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Coal miner struck, killed by board at Harrison mine

The 19th coal miner to die on the job in West Virginia was killed Wednesday while operating a piece of equipment in an International Coal Group mine in Harrison County.

The state was notified about 2:40 p.m. of the accident at the Sycamore No. 2 mine near Jarvisville, Terry Farley, head of the state Office of Miners’ Health Safety and Training, told The Associated Press. Wolf Run Mining Co., a subsidiary of ICG, owns the mine.

Todd Upton, an underground scoop operator, was apparently “struck by a wooden board and suffered fatal head injuries,” according to a prepared release from ICG Vice President Charles Snavely. Upton, who had worked for Wolf Run since October, was pronounced dead at the mine, according to the statement.

No more details were immediately available Wednesday evening, and Upton’s age and hometown weren’t immediately known.

Last month, the Sycamore No. 2 Mine was cited five times by federal Mine Safety and Health Administration inspectors for “unwarrantable failure” to comply with safety rules, among the most serious enforcement actions that federal officials can take against a coal operator.

So far in 2006, West Virginia leads the nation in coal mining deaths with 19 miners killed on the job, including 12 at the Sago Mine disaster and two in the Aracoma Alma No. 1 Mine fire in Logan County.

Eleven miners have been killed in Kentucky, including the five who died on Saturday in the Darby Mine disaster and another who was killed Tuesday in Breathitt County.

Less than five months into the year, 2006 has seen 33 coal miner deaths in the United States, the most in any year since 2001, when 42 miners died.

“This has been a very difficult year for mining families in West Virginia and throughout our nation,” Gov. Joe Manchin said in a statement. “Tonight, our thoughts and prayers are with the family of the miner who lost his life”

Manchin said state mine safety officials would work aggressively and thoroughly to determine the cause of the accident.

Randal McCloy Jr., the only miner who survived the Sago disaster, and his wife Anna were aware of the accident, but did not have any comment other than urging people to keep Upton’s family in their thoughts and prayers, family spokeswoman Aly Goodwin Gregg said.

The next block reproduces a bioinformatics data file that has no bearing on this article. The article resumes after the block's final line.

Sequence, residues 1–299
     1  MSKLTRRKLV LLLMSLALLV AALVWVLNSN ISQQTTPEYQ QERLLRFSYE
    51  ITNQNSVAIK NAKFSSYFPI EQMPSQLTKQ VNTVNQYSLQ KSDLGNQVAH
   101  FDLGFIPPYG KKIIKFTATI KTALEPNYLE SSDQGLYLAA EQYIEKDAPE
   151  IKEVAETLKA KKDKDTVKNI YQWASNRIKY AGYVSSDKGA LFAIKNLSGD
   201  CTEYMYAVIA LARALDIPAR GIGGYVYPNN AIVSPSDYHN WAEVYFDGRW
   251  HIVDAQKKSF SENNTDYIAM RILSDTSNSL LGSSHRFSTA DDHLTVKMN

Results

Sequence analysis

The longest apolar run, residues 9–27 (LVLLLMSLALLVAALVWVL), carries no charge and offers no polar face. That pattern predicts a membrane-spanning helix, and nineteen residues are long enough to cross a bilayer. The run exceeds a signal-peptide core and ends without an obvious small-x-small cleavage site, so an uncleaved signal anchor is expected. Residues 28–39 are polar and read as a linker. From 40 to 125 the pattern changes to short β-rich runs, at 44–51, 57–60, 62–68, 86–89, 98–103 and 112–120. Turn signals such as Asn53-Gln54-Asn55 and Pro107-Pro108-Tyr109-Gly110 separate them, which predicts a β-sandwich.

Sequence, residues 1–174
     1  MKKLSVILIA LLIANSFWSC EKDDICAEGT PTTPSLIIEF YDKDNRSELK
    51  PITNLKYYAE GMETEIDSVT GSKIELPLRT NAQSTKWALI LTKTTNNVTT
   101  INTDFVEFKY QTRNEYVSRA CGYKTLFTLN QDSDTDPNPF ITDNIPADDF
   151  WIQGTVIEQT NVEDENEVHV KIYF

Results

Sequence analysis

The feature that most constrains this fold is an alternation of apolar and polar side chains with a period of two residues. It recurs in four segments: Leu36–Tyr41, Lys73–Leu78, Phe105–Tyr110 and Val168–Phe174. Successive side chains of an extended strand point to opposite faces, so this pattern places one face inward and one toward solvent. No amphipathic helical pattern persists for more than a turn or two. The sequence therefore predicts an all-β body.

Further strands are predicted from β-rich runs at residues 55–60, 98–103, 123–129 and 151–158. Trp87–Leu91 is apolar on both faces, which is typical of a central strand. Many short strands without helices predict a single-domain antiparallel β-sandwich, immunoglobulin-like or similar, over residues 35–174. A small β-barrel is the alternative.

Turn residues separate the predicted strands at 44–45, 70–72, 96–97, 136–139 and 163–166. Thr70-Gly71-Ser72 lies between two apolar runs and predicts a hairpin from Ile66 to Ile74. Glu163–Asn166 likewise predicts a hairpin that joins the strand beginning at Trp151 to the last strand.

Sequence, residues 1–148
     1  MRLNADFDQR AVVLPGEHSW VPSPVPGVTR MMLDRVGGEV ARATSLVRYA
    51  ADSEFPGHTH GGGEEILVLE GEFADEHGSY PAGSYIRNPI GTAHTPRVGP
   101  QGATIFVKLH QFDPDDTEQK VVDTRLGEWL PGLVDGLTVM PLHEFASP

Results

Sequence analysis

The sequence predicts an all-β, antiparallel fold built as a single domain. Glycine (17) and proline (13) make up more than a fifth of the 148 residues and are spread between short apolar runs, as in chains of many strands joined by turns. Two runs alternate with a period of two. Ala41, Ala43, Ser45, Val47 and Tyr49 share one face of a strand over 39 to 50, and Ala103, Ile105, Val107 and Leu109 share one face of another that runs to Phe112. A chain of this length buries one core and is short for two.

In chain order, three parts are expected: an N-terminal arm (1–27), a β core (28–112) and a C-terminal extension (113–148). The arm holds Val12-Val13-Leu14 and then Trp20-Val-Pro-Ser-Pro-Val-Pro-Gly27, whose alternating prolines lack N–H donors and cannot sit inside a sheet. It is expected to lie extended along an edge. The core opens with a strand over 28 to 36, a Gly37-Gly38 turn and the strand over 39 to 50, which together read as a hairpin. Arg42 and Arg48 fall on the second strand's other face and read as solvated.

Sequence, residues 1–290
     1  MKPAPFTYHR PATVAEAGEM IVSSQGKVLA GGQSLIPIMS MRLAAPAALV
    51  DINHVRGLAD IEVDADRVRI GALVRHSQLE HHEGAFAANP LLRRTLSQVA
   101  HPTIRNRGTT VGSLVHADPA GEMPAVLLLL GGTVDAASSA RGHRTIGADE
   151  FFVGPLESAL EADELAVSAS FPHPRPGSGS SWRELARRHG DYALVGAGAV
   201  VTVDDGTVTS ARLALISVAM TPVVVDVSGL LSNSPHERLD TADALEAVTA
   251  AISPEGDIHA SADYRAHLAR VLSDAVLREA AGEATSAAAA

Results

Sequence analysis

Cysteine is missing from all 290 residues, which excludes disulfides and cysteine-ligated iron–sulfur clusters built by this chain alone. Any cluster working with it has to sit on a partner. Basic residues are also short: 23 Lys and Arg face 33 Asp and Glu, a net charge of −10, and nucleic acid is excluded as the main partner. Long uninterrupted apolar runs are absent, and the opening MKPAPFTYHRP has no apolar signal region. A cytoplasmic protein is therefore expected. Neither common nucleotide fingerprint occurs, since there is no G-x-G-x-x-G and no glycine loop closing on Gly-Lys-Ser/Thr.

After Wednesday’s accident, the company contacted the Harrison County Bureau of Emergency Services, which contacted state officials, said Caryn Gresham, a spokeswoman with the state mine safety office. That complied with new regulations for companies to notify state officials after an accident.

State mine inspectors were on the scene and an administrator from Charleston was headed to the mine to provide additional support, she said.

The Sycamore mine is about 56 miles from the Sago Mine in Upshur County. Some of the Sago miners were sent to work at Sycamore after the Jan. 2 explosion shut down that mine.

Last year, the Sycamore No. 2 Mine had a non-fatal injury rate of 7.41 accidents per 200,000 hours worked, compared to the national average of 5.17for similar mines, according to MSHA data.

In its most recent inspection of Sycamore No. 2, which began April 17 and was not yet completed, MSHA inspectors issued 17 citations for alleged violations of federal health and safety regulations.

Also, MSHA inspectors last month issued five orders that alleged “unwarrantable failure” by the mine to comply with federal safety regulations. To issue such orders, MSHA inspectors must determine that the mine management has “engaged in aggravated conduct constituting more than ordinary negligence.”

Two of the five orders concerned alleged failure to conduct proper pre-shift safety examinations, a violation that was also cited repeatedly at the Sago Mine and prompted the criminal prosecution of one former Sago foreman.

The other three Sycamore violations concerned alleged failure to control the accumulation of combustible materials underground, according to MSHA records.

The Sycamore No. 2 Mine is part of ICG’s Harrison Division and is located about 10 miles west of Clarksburg. The mine began operating during the second quarter of 2005 and is expected to have an annual minimum production of about 250,000 tons of coal, according to corporate disclosures filed with the U.S. Securities and Exchange Commission.

When ICG announced its acquisitions of Anker Coal Group and CoalQuest Development LLC in April 2005, Sycamore No. 2 was expected to produce 1.2 million tons of steam coal a year by this year, according to a news release.

Last year, the mine produced about 69,000 tons of coal with 38 workers, according to company records submitted to MSHA.

The coal produced at Sycamore No. 2 is sold to Allegheny Power Service Corp.’s Harrison Power Station, and is shipped by truck to the power plant, the SEC documents show.

ICG controls 916 million tons of coal reserves and has 11 mining complexes in Kentucky, West Virginia, Maryland, Virginia and Illinois.

New York billionaire Wilbur Ross, who made a fortune buying and selling bankrupt steel mills and other struggling companies, formed ICG in 2004 from bankrupt Horizon Natural Resources Co., once the nation’s fourth largest coal company.

ICG President Ben Hatfield has said the company’s total production could hit 24 million tons by 2007, with two new underground mines near Beckley and Grafton expected to contribute to those numbers.

The Associated Press contributed to this report. To contact staff writers Ken Ward or Dave Gustafson, use e-mail or call 348-5100.


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